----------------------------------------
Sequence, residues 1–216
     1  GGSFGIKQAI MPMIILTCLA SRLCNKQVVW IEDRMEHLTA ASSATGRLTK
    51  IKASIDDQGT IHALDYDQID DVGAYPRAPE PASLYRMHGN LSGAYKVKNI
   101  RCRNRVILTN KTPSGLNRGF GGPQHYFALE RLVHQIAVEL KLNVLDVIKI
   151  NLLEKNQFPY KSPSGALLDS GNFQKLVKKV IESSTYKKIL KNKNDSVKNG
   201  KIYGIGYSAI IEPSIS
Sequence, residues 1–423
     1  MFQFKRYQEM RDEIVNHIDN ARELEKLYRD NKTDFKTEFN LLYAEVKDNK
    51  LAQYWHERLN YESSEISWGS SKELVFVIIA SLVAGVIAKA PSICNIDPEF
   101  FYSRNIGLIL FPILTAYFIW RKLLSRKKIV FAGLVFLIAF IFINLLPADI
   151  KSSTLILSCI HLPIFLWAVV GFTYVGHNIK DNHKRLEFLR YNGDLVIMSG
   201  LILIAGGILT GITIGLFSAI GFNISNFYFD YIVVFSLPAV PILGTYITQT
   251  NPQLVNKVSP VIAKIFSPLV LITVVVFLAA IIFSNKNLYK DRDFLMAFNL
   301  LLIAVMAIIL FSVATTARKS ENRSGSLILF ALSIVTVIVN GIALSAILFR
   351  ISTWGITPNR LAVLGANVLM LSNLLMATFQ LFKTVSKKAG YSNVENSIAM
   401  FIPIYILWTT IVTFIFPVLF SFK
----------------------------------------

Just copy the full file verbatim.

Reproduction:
Sequence, residues 1–216
     1  GGSFGIKQAI MPMIILTCLA SRLCNKQVVW IEDRMEHLTA ASSATGRLTK
    51  IKASIDDQGT IHALDYDQID DVGAYPRAPE PASLYRMHGN LSGAYKVKNI
   101  RCRNRVILTN KTPSGLNRGF GGPQHYFALE RLVHQIAVEL KLNVLDVIKI
   151  NLLEKNQFPY KSPSGALLDS GNFQKLVKKV IESSTYKKIL KNKNDSVKNG
   201  KIYGIGYSAI IEPSIS
Sequence, residues 1–423
     1  MFQFKRYQEM RDEIVNHIDN ARELEKLYRD NKTDFKTEFN LLYAEVKDNK
    51  LAQYWHERLN YESSEISWGS SKELVFVIIA SLVAGVIAKA PSICNIDPEF
   101  FYSRNIGLIL FPILTAYFIW RKLLSRKKIV FAGLVFLIAF IFINLLPADI
   151  KSSTLILSCI HLPIFLWAVV GFTYVGHNIK DNHKRLEFLR YNGDLVIMSG
   201  LILIAGGILT GITIGLFSAI GFNISNFYFD YIVVFSLPAV PILGTYITQT
   251  NPQLVNKVSP VIAKIFSPLV LITVVVFLAA IIFSNKNLYK DRDFLMAFNL
   301  LLIAVMAIIL FSVATTARKS ENRSGSLILF ALSIVTVIVN GIALSAILFR
   351  ISTWGITPNR LAVLGANVLM LSNLLMATFQ LFKTVSKKAG YSNVENSIAM
   401  FIPIYILWTT IVTFIFPVLF SFK